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F-22 Raptor readiness

NewsF-22 Raptor readiness

Are U.S. F-22 Raptors ready for full-scale warfare?

Stealth, speed, agility or knowledge are some of the characteristics that best define the U.S. F-22 Raptor, which came from Lockheed Martin to provide unprecedented air dominance to the U.S. Air Force. Fifth-generation, its armament and architecture make it one of the best air dominance fighters in the world.

However, Washington announced a few weeks ago that, as part of a broad transformation package with changes to be implemented within the 2023 Defense Budget, the U.S. forces decided to decommission part of its fleet of these advanced stealth jets. A decision that comes as a surprise due to the nature and type of aircraft being retired.

Of the 186 F-22 Raptors, the U.S. will ground 33. The transformation and retirement of the material in use would be framed within the will to counteract the evolution of the designs of combat aircraft that China is materializing, and the process tries to carry out a total withdrawal of this model in a matter of about ten years, applying the money that is not spent in its maintenance to the future NGAD (Next Generation Air Dominance), which contemplates a family of systems to continue to maintain the dominance of the sky.

Until that date, the U.S. will have these aircraft in its equipment, which it would use in the event of a large-scale war. The increase in tension with Russia, after the invasion of Ukraine, and with the Asian giant has alerted intelligence sources to a possible conflict between the countries, as well as the shipment of weapons to Kyiv.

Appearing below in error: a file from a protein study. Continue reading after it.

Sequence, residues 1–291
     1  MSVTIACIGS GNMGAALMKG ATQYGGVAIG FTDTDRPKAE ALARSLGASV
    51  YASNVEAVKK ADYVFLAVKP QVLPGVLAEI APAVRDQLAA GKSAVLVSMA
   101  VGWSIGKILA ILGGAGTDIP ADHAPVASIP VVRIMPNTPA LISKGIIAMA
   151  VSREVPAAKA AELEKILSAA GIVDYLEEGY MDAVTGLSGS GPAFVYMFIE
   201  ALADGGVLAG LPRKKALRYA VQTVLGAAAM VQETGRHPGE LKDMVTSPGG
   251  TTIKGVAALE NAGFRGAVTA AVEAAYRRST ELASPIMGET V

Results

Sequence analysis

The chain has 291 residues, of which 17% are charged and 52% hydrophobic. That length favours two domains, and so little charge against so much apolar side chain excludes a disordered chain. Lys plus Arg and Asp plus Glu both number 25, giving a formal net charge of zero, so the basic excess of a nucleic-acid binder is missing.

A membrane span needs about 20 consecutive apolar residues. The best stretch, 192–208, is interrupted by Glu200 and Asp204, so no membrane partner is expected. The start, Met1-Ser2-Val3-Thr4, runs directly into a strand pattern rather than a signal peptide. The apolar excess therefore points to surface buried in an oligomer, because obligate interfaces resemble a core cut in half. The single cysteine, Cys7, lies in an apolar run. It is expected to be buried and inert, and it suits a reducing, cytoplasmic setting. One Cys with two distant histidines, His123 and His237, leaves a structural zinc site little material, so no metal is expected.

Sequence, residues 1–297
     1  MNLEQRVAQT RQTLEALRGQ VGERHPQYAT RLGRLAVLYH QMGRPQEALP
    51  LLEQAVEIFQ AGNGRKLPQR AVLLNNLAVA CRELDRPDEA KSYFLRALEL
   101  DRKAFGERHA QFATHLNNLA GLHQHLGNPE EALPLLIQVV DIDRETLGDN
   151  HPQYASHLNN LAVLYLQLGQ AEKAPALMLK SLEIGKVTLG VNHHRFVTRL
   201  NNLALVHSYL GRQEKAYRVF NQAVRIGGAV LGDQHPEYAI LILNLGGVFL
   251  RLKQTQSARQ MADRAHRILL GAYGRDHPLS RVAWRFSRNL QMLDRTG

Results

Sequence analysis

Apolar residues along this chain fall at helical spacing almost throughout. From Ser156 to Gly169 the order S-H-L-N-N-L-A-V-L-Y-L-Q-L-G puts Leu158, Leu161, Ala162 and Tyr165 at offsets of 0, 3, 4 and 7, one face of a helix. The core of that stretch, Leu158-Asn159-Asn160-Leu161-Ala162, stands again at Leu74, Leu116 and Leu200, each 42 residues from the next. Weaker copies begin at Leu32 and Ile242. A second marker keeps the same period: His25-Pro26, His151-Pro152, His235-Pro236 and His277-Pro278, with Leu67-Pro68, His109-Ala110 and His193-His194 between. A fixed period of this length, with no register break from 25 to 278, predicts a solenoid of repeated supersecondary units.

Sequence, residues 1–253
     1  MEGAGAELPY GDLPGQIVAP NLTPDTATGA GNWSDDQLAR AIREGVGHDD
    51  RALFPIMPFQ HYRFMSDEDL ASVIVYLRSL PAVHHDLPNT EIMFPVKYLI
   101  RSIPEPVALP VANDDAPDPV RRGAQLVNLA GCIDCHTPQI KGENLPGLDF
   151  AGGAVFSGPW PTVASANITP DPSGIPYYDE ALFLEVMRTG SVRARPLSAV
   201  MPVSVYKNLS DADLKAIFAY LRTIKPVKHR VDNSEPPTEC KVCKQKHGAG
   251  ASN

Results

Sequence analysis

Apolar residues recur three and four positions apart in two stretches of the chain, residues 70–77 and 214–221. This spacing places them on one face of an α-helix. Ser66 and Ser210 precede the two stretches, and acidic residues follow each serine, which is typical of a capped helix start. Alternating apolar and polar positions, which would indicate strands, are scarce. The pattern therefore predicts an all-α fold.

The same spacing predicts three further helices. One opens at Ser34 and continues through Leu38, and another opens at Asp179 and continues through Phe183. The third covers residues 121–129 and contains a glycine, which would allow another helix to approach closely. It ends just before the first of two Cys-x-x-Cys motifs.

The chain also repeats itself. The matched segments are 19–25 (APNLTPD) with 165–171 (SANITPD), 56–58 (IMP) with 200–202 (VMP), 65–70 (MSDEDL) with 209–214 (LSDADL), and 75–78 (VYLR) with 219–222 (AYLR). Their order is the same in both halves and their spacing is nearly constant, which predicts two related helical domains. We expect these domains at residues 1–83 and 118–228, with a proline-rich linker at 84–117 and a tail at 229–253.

But a study presented by the U.S. General Accountability Office (GAO) has presented a series of findings in which it relates that of all the F-22 Raptors available (186, including those that would remain on the ground), only 93 are currently combat effective, that is, half.

The report, named “Actions Needed to Address Persistent Sustainment Risks,” analyzes eight Air Force and Navy aircraft, including bombers, fighters, tankers and reconnaissance aircraft. With one metric, called “Mission Capability Rates,” it explained the health of aircraft maintenance and readiness rates. It also compared the years 2015 to 2021 and set a readiness target in percentage terms for its aircraft.

The aircraft analyzed received fairly poor marks. Only the Air Force KC-135 had a 100 percent target for all tanker aircraft. It was also the aircraft with the highest operational capability in the study.

Thus, two major fighters, the F-22 Raptor and the Super Hornet, have lower readiness scores. For example, in the case of the latter, only about 267 of the 530 available fighters are ready to fly under mission conditions.

“Neither the Air Force nor the Navy has completed mitigation plans to remedy the maintenance challenges, risks or related impacts identified in any maintenance review,” the report warns, which has alerted the Pentagon. Thus, the findings explain that the Air Force and Navy “are unable to fully address unit-level aviation maintenance challenges that affect the availability of aircraft needed for training and operations.”

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